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Chapter Summary

This chapter establishes a structural critique of the horizontal inequality approach (h.i.-approach). It explores circumstances under which the economic basis of this approach may not hold. This basis found particular expression in propositions 4 and 5. Thus, it consisted of the assumption that conflict evolves where worse-off perceptions loom, as the result of groups suffering from disproportionate economic grievances. The chapter shows that under particular socio-structural circumstances better-off perceptions can prevail and eradicate the ground for overt conflict. It is in these cases that hidden conflict becomes a reality. The h.i.-approach reveals an inability to cater for important structural factors in conflict, given the limited number of relative deprivation scenarios it recognizes. A major premise of this investigation has been that socio-economic factors, likely to influence potential for conflict, require analysis by means of one theory of interpretation.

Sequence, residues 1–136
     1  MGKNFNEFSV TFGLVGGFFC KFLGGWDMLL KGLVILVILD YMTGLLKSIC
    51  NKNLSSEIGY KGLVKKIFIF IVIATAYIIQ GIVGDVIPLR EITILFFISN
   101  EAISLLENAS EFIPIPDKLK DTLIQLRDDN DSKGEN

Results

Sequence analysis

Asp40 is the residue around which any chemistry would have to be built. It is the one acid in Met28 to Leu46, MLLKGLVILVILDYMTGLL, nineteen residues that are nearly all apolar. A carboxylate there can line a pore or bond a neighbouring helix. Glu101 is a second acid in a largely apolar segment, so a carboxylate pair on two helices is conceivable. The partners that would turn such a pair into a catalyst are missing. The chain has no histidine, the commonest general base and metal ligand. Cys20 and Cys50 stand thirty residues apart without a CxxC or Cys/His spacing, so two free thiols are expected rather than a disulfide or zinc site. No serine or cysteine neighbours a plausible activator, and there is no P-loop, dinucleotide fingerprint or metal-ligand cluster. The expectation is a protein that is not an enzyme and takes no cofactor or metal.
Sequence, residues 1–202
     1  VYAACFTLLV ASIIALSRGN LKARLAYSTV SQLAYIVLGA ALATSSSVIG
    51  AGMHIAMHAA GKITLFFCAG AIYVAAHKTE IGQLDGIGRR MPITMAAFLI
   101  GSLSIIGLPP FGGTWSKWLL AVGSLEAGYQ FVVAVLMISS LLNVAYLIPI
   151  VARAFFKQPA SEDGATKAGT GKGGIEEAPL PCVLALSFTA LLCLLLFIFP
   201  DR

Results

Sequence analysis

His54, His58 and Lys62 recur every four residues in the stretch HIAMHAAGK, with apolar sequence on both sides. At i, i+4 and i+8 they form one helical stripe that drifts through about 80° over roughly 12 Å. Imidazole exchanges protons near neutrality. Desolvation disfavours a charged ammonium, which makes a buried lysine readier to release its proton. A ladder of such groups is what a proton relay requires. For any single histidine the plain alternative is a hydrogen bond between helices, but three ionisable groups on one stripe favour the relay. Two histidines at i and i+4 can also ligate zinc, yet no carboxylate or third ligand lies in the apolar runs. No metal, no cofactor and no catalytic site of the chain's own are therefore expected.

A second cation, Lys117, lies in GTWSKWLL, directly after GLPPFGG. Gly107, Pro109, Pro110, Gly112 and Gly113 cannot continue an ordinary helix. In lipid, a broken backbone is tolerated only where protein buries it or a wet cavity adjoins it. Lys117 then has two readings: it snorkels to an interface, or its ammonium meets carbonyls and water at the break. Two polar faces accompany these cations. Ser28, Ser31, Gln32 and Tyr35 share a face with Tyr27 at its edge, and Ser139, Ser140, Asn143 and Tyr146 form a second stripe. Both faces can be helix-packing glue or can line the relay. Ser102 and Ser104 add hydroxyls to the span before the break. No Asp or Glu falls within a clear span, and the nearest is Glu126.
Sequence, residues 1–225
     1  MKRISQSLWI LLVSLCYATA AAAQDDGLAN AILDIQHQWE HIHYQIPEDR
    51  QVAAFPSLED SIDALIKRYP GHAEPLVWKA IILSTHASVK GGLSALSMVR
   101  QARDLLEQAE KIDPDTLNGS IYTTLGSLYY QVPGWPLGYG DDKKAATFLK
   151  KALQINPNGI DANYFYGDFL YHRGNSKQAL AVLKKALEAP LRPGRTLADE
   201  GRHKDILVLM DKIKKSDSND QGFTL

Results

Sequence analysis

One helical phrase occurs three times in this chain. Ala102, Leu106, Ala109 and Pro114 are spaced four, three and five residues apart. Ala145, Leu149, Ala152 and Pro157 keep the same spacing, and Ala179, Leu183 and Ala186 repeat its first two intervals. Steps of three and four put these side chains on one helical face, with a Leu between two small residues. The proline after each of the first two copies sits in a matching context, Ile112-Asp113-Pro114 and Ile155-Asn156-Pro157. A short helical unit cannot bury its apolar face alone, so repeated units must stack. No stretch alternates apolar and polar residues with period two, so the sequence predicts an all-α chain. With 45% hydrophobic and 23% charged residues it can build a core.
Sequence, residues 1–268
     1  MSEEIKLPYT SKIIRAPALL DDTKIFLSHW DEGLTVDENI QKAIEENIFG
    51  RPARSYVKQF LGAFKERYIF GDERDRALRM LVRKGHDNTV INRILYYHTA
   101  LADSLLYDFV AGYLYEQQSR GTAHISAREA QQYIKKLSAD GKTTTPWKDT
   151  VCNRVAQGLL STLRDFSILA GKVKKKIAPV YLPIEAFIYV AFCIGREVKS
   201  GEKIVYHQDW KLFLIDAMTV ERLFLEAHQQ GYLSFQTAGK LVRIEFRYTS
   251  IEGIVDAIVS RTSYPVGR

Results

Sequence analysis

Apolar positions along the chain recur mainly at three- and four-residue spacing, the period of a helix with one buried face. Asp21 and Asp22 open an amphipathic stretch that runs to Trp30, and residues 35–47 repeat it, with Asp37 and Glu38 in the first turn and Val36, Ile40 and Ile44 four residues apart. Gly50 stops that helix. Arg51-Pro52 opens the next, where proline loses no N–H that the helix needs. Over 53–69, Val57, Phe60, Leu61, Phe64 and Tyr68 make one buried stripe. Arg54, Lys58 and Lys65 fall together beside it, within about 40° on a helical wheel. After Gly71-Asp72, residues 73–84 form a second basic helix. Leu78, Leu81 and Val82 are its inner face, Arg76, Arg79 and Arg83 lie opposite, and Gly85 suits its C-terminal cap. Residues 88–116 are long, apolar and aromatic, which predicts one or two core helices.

Keywords: economic grievances; horizontal inequality approach (h.i.-approach); relative deprivation; worse-off perceptions



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